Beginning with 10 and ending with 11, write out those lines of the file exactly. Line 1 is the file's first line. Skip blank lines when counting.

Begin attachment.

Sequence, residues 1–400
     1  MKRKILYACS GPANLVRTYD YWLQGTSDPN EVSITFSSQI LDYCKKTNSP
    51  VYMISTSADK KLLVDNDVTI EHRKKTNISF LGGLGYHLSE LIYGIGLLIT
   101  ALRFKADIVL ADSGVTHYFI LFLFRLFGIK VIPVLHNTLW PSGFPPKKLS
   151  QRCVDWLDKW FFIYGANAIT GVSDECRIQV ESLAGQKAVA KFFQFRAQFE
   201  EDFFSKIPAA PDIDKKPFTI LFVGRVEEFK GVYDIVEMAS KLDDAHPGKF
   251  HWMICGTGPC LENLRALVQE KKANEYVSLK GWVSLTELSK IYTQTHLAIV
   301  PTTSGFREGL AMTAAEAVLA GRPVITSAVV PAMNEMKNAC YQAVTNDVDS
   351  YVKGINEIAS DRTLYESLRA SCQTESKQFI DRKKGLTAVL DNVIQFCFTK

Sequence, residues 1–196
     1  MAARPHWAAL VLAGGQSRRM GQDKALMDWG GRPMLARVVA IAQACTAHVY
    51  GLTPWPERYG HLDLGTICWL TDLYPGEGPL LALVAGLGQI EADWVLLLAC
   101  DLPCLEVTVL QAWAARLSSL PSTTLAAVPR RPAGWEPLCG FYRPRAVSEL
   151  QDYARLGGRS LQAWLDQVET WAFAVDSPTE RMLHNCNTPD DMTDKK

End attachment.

Sequence, residues 1–196
     1  MAARPHWAAL VLAGGQSRRM GQDKALMDWG GRPMLARVVA IAQACTAHVY